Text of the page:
We miss things like in person playdates with dear friends and swim lesson but we have made time for virtual playdates that were just as valuable in their own way and reconnected with old friends whose lives were previously too busy for us to find time for each other.
    I also got to spend my pregnancy without nosy parkers commenting on everything and trying to touch me! Yay!

    I’ve done my best to give back to help those less fortunate while reflecting on these small good things each month and I hope we always have the ability to help others as much as we enjoy our own lives.

    • I love everything about this list. I’m glad that your jobs have remained stable during this period of time and that you don’t have the need to go on site. As a fellow parent of a kindergartener I have really enjoyed this gentle transition to school for my youngest. We are homeschooling, but it’s been nice not to rush him off to school in the morning. We get to spend extra time snuggling instead.

      With the added stress of pregnancy and your dog it sounds like the quiet of home life has been pretty good for you this year. I hope that continues into 2021 and gets better and better each month!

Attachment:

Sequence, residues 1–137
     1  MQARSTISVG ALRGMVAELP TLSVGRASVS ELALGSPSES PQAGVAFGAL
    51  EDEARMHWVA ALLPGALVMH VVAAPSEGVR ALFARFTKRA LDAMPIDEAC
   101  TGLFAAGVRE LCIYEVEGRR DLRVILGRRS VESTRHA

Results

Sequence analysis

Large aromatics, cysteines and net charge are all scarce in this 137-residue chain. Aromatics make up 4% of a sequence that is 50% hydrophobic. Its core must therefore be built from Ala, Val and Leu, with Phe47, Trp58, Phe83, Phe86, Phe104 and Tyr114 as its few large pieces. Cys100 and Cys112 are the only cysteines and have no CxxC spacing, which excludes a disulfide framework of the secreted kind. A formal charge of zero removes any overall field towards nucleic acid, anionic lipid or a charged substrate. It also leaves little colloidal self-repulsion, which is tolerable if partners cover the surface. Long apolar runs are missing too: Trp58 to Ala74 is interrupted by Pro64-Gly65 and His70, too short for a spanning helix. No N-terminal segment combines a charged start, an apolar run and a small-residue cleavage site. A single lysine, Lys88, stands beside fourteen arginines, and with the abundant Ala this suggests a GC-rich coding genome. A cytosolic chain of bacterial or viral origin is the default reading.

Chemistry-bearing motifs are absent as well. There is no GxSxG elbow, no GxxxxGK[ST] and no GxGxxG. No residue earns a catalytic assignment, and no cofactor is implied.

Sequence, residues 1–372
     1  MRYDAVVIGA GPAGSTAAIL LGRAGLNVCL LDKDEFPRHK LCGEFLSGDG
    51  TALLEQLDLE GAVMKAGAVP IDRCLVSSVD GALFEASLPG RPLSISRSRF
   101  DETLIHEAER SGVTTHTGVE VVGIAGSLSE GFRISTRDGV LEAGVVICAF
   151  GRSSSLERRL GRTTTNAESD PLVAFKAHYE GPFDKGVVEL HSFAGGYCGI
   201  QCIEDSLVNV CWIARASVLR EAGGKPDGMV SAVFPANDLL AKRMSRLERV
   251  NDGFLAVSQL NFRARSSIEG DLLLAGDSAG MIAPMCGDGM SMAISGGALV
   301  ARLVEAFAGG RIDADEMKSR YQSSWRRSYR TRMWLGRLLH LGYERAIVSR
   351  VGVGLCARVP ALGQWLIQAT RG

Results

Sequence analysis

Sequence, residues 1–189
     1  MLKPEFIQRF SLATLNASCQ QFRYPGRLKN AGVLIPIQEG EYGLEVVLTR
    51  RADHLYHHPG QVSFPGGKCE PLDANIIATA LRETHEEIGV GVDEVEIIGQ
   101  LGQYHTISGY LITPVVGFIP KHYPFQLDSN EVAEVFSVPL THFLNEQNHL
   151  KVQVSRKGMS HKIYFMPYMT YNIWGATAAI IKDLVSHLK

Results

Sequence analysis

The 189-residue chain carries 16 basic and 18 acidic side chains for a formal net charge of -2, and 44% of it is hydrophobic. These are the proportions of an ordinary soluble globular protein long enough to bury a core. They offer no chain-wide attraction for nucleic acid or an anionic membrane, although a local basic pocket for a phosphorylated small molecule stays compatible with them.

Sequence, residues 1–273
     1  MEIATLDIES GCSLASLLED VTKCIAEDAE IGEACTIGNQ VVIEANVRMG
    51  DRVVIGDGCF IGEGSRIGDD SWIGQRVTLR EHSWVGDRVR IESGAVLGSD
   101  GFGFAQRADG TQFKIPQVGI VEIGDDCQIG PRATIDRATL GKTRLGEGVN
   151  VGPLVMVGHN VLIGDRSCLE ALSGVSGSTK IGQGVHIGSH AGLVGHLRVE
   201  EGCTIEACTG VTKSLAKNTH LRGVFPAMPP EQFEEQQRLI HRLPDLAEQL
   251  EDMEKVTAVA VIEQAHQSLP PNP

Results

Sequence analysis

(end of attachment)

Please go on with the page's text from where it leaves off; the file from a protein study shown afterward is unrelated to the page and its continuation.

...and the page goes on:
3. I’ve discovered that I’m happier when I don’t have things to do every night of the week. That a few things that I love are better than lots of clutter that I don’t, and that vacation is nice, but I’m happy without it. I’m grateful for living in the country where our yard makes it easier to social distance. Honestly (except for mom getting sick) this pandemic has been easier on us than for many people. I’m more appreciative than ever of my family, whom I’ve spent LOTS of time with- especially my parents, who survived their infection.

    • I’m glad that things have been going well for you this year and that your mom recovered without any lasting impacts. I think we are soul sisters, because I also realize how happy I am without a lot of things, activities, or even vacations in life! But I do need a yard and wide open streets to walk on. We are searching for a new house and I know more than ever that I need these tiny nature walks to clear my mind and reinvigorate my body.